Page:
• Exodus 34:16 Then you will take some of their daughters as brides for your sons. Their daughters will prostitute themselves with their gods and cause your sons to prostitute themselves with their gods.

Israel’s pre-exilic history in the Bible records numerous examples of the spiritual dangers associated with entering into relationships with pagans. However, it is clear to see that post-exilic Israel struggled with the same issue, as recorded in Ezra 9 and Nehemiah 13:23-30. Malachi also records the continued struggles with disobedience, even among the priests.

Verse 12

This is a difficult verse, especially when looking at the original Hebrew text. However, it is linked back to the previous verses and the term “cut off” denotes a radical removal or eradication. The same term was used in the following passages.

  • Genesis 9:11a I confirm My covenant with you that never again will every creature be wiped out (cut off) by the waters of a flood.
  • Joshua 11:21a At that time Joshua proceeded to exterminate (cut off) the Anakim from the hill country.

Being “cut off” should be viewed as a divine sentence of condemnation, with the eventual result of one’s name being cut off from the family of Israel.

Verses 13-16 deal with violations of the marriage covenant and an implied breach of Israel’s covenant with Yahweh.

Verse 13

The context of this verse is that the people failed to understand why Yahweh didn’t accept their offerings or respond to their weeping and groaning. The people were pouring out their hearts from a position of selfishness and a hardened heart, but their pleas were useless as long as their actions didn’t line up with God’s instructions. 

Verse 14

Here we find the answer as to why the weeping, groaning, and offerings referenced in the previous verse were not being accepted. The men in question had betrayed and broken the covenant relationship with their wives. However, it’s even more heinous than just breaking the marriage covenant. They had divorced their Jewish wives and married pagan wives. There are three main points to consider in this verse and the charge against the men.

  • The men had acted treacherously against their wives. 
  • The treachery is that the men had broken the marriage covenant that their wives had entered into with them.
  • The men were casting aside their marriage partners, the ones they had made a vow to love and protect within the marriage covenant.

Israel’s behavior was an insult to Yahweh before who they had sworn their covenants. Their breaking of the marriage covenant oaths and their mistreatment of their wives was another way Israel was slandering Yahweh, just like the insulting sacrifices described in 1:6-14.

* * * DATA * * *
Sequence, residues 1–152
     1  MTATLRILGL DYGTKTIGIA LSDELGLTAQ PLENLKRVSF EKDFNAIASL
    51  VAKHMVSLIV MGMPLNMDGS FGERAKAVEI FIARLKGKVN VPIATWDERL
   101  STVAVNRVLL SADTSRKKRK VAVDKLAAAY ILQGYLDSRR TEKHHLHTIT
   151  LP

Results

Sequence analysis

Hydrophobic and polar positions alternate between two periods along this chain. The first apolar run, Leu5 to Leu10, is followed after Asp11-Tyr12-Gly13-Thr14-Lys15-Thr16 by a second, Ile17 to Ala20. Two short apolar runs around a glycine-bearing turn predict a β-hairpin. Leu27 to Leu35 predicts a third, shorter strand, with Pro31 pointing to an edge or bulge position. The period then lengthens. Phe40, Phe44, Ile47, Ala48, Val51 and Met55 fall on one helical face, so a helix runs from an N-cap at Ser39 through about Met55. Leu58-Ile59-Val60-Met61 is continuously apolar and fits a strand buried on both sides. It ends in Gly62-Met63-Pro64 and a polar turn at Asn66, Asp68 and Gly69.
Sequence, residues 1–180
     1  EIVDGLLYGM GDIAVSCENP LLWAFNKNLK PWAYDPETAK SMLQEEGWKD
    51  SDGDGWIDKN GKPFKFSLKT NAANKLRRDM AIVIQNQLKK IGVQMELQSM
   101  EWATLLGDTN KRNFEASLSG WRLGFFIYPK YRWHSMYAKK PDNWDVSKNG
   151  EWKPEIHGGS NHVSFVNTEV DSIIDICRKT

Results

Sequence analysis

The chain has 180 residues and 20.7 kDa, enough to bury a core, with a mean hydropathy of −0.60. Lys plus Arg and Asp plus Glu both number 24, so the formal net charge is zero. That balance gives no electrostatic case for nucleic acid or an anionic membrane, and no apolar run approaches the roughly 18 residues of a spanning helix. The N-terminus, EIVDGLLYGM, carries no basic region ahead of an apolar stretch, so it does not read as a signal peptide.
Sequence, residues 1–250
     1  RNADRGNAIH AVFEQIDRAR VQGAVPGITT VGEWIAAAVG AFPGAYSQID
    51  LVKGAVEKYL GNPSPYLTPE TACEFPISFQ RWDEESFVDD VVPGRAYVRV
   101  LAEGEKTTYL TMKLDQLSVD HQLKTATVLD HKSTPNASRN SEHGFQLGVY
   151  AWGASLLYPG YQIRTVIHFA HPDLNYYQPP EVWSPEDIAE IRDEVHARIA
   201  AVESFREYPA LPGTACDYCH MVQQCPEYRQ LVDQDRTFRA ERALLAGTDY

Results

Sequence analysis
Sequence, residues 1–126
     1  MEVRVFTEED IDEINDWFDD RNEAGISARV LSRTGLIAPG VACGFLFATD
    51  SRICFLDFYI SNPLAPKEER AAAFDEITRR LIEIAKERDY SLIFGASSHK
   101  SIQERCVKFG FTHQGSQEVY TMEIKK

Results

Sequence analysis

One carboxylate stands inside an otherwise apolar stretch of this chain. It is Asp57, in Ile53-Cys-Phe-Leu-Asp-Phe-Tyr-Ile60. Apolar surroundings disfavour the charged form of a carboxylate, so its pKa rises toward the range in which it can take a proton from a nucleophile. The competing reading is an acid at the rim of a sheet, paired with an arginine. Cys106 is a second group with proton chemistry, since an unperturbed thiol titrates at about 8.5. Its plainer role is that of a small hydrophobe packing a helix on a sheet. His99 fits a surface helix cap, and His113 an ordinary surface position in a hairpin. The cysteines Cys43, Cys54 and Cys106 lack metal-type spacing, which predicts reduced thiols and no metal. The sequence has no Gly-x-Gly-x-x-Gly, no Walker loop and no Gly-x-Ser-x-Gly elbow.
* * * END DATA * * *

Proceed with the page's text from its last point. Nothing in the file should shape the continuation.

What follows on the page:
Verse 15

This verse contains two main parts – the first deals with children, and the second deals with the marriage covenant.

Even though the men had divorced their wives, there still existed a remnant of the spiritual bond found in the marriage covenant. Moreover, the “oneness” of the marriage covenant has as its purpose of producing godly children with the assistance of God. Thus, it is now appropriate to review biblical marriage, which often is in at least contrast if not outright conflict with our modern view of marriage.

  • To Israelite families, the concept that having children was an option would have been offensive or ridiculous. 
    • Modern families often view their personal happiness or fulfilling life goals as the primary reason to get married. Children are an option.
    • This position is in direct conflict with the Bible, which instructed mankind to be fruitful and multiply. Genesis 1:28a God blessed them, and God said to them, “Be fruitful, multiply, fill the earth, and subdue it.
    • Not having children would be ignoring God’s command to be “fruitful.”  
  • God’s intended purpose for a man and woman to enter into a marriage covenant was fruitfulness. As a side note, this is also a condemnation against same-sex marriage. Same-sex marriage is not able to fulfill the biblical mandate by being fruitful and having children.

The last part of the verse once again deals with the marriage covenant and the unfaithfulness that the men showed. We (husbands) must always be on guard that we don’t act treacherously against our wives. In the context of the passage, the treachery was divorce. However, treachery, in our modern world, can take on many other practices. Here are a few of them.

  • Adultery
  • Pornography
  • Mistreatment
  • Abuse
  • Neglect

The list could be much longer, but the idea is that any action on the husband’s part that in some way negatively impacts the marriage covenant could be viewed as “treachery.”

Verse 16

There has been some disagreement about the “scope” of divorce in this verse. Many translations portray it as a general condemnation against divorce. However, that viewpoint would be in conflict with several passages in the Law that permitted or referred to divorce.